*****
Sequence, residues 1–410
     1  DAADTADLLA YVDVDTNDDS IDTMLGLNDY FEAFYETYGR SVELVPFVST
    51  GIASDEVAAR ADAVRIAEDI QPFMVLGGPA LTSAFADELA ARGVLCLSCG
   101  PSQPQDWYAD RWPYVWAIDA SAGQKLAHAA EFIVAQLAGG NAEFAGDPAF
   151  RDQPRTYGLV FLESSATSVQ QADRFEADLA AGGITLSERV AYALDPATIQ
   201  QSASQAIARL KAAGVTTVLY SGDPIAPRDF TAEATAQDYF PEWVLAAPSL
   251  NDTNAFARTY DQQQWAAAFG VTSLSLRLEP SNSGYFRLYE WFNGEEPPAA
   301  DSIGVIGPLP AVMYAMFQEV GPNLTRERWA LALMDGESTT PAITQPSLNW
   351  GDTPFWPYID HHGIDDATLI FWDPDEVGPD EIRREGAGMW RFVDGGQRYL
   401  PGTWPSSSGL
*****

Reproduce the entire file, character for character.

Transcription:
Sequence, residues 1–410
     1  DAADTADLLA YVDVDTNDDS IDTMLGLNDY FEAFYETYGR SVELVPFVST
    51  GIASDEVAAR ADAVRIAEDI QPFMVLGGPA LTSAFADELA ARGVLCLSCG
   101  PSQPQDWYAD RWPYVWAIDA SAGQKLAHAA EFIVAQLAGG NAEFAGDPAF
   151  RDQPRTYGLV FLESSATSVQ QADRFEADLA AGGITLSERV AYALDPATIQ
   201  QSASQAIARL KAAGVTTVLY SGDPIAPRDF TAEATAQDYF PEWVLAAPSL
   251  NDTNAFARTY DQQQWAAAFG VTSLSLRLEP SNSGYFRLYE WFNGEEPPAA
   301  DSIGVIGPLP AVMYAMFQEV GPNLTRERWA LALMDGESTT PAITQPSLNW
   351  GDTPFWPYID HHGIDDATLI FWDPDEVGPD EIRREGAGMW RFVDGGQRYL
   401  PGTWPSSSGL